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About respiratory therapists

Respiratory therapists are regulated health professionals who provide direct patient care by evaluating, treating and maintaining cardiopulmonary function.

Respiratory therapists work in hospitals in diverse clinical settings including critical care, neonatal intensive care units, operating rooms and emergency departments. They also teach, and work in home care, clinics, research, rehabilitation and diagnostic clinics and sleep-disorder laboratories, medical equipment sales and services, and chronic disease and primary care networks.

Data availability

CIHI’s Health Workforce Database (HWDB) collects aggregate-level, standardized data on the regulatory environment, supply, and demographic and education characteristics of respiratory therapists in Canada.

Reports and analyses

Regulatory environment

In Canada, respiratory therapists are regulated in all provinces except Prince Edward Island and British Columbia. This profession is not regulated in any territories.i

Practice criteria

To practise as a respiratory therapist in Canada, an individual must register with a provincial regulatory body as required. The requirements to obtain a licence are similar across the country but can vary slightly from one jurisdiction to another.

Common requirements

  • Hold a diploma or bachelor’s degree in respiratory therapy from an accredited program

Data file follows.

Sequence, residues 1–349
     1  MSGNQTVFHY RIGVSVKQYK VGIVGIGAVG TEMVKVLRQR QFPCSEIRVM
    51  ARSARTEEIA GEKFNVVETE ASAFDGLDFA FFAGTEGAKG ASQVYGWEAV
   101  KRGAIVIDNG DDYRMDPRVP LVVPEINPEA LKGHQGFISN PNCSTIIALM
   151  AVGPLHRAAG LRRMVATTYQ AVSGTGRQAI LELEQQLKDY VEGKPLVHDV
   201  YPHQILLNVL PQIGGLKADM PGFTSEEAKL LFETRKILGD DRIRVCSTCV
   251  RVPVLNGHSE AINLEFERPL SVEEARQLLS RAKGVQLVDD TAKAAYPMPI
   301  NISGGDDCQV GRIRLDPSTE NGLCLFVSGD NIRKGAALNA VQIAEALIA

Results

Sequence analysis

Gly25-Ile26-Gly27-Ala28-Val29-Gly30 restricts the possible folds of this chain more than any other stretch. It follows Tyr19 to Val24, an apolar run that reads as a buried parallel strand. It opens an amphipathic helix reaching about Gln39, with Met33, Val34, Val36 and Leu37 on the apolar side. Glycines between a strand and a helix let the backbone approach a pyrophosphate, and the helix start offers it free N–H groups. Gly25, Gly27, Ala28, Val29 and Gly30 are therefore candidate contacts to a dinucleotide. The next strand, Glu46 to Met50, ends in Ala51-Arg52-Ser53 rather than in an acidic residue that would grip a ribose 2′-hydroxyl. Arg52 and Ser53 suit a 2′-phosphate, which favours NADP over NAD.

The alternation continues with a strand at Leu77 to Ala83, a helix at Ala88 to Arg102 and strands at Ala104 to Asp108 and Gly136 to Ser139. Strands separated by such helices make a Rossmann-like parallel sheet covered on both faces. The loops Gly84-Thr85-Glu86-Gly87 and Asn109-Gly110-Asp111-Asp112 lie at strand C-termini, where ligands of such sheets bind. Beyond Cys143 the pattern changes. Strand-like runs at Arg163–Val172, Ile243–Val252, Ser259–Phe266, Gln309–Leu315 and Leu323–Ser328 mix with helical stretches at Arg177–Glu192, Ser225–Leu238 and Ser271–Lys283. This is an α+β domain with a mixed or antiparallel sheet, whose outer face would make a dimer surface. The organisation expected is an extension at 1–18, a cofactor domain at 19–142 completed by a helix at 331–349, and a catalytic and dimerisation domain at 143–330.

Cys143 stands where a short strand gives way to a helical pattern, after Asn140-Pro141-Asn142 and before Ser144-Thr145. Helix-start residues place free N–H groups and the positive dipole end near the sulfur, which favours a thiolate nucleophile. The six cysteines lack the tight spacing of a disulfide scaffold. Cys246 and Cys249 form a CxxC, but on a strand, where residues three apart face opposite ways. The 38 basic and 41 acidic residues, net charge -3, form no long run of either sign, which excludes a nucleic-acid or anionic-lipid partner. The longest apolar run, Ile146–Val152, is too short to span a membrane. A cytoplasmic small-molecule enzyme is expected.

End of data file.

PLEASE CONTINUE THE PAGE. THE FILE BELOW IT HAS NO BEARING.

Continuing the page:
• Pass the national certification examination offered by the Canadian Board of Respiratory Care or the épreuve synthèse in Quebec
  • Obtain membership and/or credentialing by the Canadian Society of Respiratory Therapists (a condition of employment for many employers in provinces/territories without regulatory bodies)
  • Register with a provincial regulatory body as required

Scope of practice

The scope of practice for respiratory therapists is articulated in provincial regulatory legislation, which outlines the range of responsibilities that define the boundaries of professional practice.

Respiratory therapists are highly skilled professionals who provide advanced life support for extremely ill patients; they help keep patients breathing. Some of their main functions includeii

  • Treating patients who have experienced trauma or are in surgery or intensive care
  • Helping with cardiopulmonary resuscitation (CPR)
  • Stabilizing high-risk patients being moved by air or ground ambulance
  • Providing support in high-risk deliveries for babies who have trouble breathing
  • Educating the public and patients on appropriate measures to be taken during an influenza pandemic
  • Providing information and instruction to health care workers on proper infection control practices, particularly in the event of an infectious outbreak

i. Canadian Society of Respiratory Therapists. Provincial Regulatory Bodies. Accessed on May 19, 2016.
ii. Canadian Society of Respiratory Therapists. Respiratory Therapist. Accessed May 19, 2016.